The account of the Acts of the Apostles offers us another very concrete indication. The universality of the Church is expressed by the list of peoples according to the ancient tradition: “We are Parthians, Medes, Elamites …,” etc. One may note that St. Luke goes beyond the number 12, which always expresses a universality. He looks beyond the horizons of Asia and northwest Africa, and adds three other elements: the “Romans,” that is, the western world; the “Jews and proselytes,” encompass in a new way the unity between Israel and the world; and finally “Cretans and Arabs,” who represent the West and the East, islands and land. This opening of horizons subsequently confirms the newness of Christ in the human space, in the history of the nations: The Holy Spirit involves men and peoples and, through them, it overcomes walls and barriers.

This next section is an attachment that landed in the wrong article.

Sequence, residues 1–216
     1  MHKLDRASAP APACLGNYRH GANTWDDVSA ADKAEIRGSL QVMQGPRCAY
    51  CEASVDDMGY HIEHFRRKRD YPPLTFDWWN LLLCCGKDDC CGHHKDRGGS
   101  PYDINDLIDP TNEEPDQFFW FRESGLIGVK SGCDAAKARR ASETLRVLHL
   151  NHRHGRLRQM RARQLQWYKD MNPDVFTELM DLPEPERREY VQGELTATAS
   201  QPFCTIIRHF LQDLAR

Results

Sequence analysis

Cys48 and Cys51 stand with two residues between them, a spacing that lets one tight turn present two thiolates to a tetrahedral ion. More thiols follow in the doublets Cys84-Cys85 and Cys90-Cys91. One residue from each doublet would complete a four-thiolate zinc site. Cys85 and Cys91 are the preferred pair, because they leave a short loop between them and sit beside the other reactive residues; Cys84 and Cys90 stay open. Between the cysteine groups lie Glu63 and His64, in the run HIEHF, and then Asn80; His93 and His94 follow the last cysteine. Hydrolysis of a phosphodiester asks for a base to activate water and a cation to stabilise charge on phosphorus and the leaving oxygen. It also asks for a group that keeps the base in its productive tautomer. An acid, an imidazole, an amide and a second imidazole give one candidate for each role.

At Pentecost the Holy Spirit manifests himself as fire. His flame descended upon the assembled disciples, it was enkindled in them and gave them the new ardor of God. In this way what Jesus had previously said was realized: “I have come to cast fire upon the earth, and how I long that it already be burning!” (Luke 12:49). The Apostles, together with the faithful of different communities, carried this divine flame to the far corners of the earth; in this way they opened a path for humanity, a luminous path, and they worked with God, who wants to renew the face of the earth with his fire. How different this fire is from that of wars and bombs! How different is the fire of Christ, spread by the Church, compared with those lit by the dictators of every epoch, of last century too, who leave a scorched earth behind them. The fire of God, the fire of the Holy Spirit, is that of the bush that burned without being consumed (cf. Exodus 3:2). It is a flame that burns but does not destroy, that, in burning, brings forth the better and truer part of man, as in a fusion it makes his interior form emerge, his vocation to truth and to love.